2015 Summer Newsletter
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Happy (almost) Summer!
Your Well-Being

Summer Newsletter
                           Paul Ciske, Ph.D.   

The season of summer is almost here and the cool Bay area fog makes it seem even more so. This will be a shorter newsletter because I have decided to wait until the Fall to offer my next series of classes. However I am offering a workshop in a couple weeks on Vision at the Club at the Claremont which is open to everyone (See below). I will also be doing one on Balance and the Vestibular system at the Claremont in September with the date yet to be determined. Also check out the Summer Special below for NeuroFlow Assessments.

Blessings, Paul
Summer Workshops: 
(registration required)

Beyond Eyesight: How other visual attributes affect performance in life, work, and sport. Vision is the work of the BRAIN - eyesight is work of the eyes. In this workshop you will experience how the different attributes of vision affect performance in life, work, and sport; and how vision skills are trainable. This vision training experience based on the Z-Health "Vision Gym" will teach you that as you strengthen the functionality of your vision you will also be increasing the strength and functionality of your entire body.

Saturday, June 20th, 3-5pm.
Location: The Club at the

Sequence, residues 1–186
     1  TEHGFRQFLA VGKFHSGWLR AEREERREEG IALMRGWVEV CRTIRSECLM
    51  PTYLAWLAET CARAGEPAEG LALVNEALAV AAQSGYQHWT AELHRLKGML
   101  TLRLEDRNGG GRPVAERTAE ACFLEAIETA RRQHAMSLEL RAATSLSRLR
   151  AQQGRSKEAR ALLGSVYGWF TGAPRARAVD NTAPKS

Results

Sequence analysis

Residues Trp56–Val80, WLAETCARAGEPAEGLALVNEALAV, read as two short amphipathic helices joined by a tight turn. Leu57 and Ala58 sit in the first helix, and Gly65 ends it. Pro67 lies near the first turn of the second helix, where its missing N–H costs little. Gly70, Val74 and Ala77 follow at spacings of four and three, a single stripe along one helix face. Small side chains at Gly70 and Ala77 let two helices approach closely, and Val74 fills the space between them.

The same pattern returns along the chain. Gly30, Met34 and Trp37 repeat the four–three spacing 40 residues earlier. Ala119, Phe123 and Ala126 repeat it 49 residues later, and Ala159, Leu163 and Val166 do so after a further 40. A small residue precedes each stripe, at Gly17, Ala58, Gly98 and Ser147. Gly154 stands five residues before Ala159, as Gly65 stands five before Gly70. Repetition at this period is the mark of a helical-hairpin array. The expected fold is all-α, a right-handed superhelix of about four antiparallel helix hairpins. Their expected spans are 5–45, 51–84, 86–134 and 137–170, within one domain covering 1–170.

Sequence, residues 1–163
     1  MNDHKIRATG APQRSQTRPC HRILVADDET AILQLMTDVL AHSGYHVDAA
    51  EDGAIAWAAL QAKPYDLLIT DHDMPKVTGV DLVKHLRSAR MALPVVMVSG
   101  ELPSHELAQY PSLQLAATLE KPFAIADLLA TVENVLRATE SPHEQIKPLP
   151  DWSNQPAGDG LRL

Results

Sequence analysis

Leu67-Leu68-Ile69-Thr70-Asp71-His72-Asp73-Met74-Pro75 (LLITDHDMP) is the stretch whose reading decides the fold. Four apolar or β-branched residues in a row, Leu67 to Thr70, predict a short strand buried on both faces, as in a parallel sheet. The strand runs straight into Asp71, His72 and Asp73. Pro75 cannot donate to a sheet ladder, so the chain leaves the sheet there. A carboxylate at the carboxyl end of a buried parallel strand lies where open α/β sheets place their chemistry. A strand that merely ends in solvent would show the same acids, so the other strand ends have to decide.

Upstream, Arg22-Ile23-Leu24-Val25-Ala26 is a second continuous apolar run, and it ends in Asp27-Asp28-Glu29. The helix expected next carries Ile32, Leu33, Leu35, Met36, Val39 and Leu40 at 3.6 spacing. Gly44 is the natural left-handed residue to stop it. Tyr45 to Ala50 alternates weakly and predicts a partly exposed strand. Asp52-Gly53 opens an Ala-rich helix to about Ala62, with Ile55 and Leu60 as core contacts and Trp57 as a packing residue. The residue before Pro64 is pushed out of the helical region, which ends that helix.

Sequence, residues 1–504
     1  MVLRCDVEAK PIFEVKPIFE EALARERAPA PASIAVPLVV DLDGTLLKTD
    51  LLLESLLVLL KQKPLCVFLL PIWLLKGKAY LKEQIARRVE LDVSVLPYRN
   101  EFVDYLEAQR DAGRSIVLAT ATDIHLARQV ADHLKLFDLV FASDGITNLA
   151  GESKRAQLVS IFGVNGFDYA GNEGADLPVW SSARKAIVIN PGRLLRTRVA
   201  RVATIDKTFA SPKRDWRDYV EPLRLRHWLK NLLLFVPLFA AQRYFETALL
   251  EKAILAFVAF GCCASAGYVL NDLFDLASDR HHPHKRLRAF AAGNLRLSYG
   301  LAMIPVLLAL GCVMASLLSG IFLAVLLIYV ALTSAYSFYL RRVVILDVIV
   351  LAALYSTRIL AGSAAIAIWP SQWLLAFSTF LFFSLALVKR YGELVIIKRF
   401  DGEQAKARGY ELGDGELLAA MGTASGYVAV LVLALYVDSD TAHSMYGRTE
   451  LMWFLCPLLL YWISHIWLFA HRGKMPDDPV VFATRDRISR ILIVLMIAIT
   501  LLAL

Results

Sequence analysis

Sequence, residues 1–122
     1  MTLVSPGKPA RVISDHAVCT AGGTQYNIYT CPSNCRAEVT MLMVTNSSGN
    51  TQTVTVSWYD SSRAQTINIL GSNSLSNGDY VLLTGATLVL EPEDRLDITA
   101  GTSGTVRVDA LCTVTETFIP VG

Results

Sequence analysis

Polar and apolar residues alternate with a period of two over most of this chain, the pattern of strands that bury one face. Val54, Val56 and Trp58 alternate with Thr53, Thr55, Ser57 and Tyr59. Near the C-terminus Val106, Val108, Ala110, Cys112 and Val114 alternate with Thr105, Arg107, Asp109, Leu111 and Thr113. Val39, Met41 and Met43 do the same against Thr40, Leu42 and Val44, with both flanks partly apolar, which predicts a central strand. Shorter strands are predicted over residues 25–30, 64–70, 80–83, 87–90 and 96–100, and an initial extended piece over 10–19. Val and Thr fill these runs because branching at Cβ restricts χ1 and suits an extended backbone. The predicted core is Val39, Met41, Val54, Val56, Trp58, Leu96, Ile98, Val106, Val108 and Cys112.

Cost: $35
Registration: through the 
HEREOr call 510-549-8512

If you have further general questions you can call me at   510-832-5725

Balance: The Inner Ear Vestibular SystemThe vestibular system is second in the hierarchy of sensory input to the brain and is what controls our ability to stay balanced in an upright posture. Learn how this system works and how to train it for better balance using drills from the Z-Health Balance Gym.

September 2015. Exact date
and time is yet to be

Location: The Club at the
Open to members and non-

NeuroFlow Assessment for brain activation imbalances, cranial nerves function, sensory imbalances, reflexes, and more. All for $50. Call 510-832-5725 for your appointment. 

BONUS - Peripheral Vision Walking Drill

Peripheral vision is one of the key attributes of vision. It feeds information, mostly unconsciously, to the brain about the environment so the brain has better predictive capacity,
and plays a major role in balance. 

Start by standing still and opening your vision/awareness to take in as many things as possible at one time using your peripheral vision. Once you feel comfortable standing still using your peripheral vision, progress to walking and maintaining this wide open awareness. See if you can maintain this for 5 minutes, and if not, progressively increase the time through practice. You can eventually lengthen out your peripheral walking for even longer periods of time. If you find standing peripheral vision disorienting, you may want to practice sitting down initially and then progress to standing and eventually walking.

This drill often has a calming effect on the nervous system. One way to evaluate the effect on the nervous system for yourself is to do an assessment/re-assessment before and after doing the drill. You can use range of motion (e.g., forward bend or full body twist) or a strength exercise (e.g., push-up) and rate perceived exertion or doing a balance challenge. If you get better the your nervous system had a positive response. If you got worse it may have been too much of a challenge for the nervous system and you need to find a way to decrease the intensity of the drill.